29, Mar 2018 | CJP Team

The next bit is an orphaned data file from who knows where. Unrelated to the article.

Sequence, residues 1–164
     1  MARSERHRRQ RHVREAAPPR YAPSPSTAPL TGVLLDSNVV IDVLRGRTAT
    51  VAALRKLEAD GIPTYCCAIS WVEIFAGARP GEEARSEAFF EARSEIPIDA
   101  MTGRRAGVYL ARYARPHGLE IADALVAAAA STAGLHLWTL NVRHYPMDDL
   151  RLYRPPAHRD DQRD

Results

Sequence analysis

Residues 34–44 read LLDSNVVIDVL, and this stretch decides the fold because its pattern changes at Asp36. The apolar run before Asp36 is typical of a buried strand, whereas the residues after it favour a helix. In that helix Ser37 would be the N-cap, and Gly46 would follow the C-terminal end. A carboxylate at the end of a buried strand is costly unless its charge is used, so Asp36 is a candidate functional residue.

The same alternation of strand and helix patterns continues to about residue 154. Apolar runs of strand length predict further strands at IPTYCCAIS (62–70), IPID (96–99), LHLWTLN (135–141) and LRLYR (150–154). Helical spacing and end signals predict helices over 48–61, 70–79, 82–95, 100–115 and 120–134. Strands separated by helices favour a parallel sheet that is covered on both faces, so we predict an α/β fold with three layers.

Two police officers in Mexico have been found guilty and sentenced to 25 years’ imprisonment for the murder of journalist Moisés Sánchez, an uncommon instance for Mexico, where crimes against members of the media largely go unpunished, the Guardian reported. Sánchez was killed in the violence-ridden state of Veracruz, considered the most dangerous area for journalists in entire hemisphere. The two officers have also been ordered to pay compensation worth $18,000, a statement from the Veracruz prosecutor’s office said. Press freedom activists and Sánchez’s family members say the convictions are not enough; the local mayor, who is alleged to have ordered the killing, is still at large, and six other police officers, who are alleged to have set up a drug gang and carrying out the mayor’s orders have not been put on trial. At the beginning of the investigation into the killing, state prosecutors detained 36 police officers, the entire force in Veracruz’s Medellín de Bravo. Sánchez reportedly sparked the mayor’s ire by reporting on the deficient municipal services and divulging that citizens had created vigilante groups to tackle widespread insecurity. As of March 22, Mexico has seen three killings of journalists. In 2017, 12 journalists were killed in the country, four in the state of Veracruz.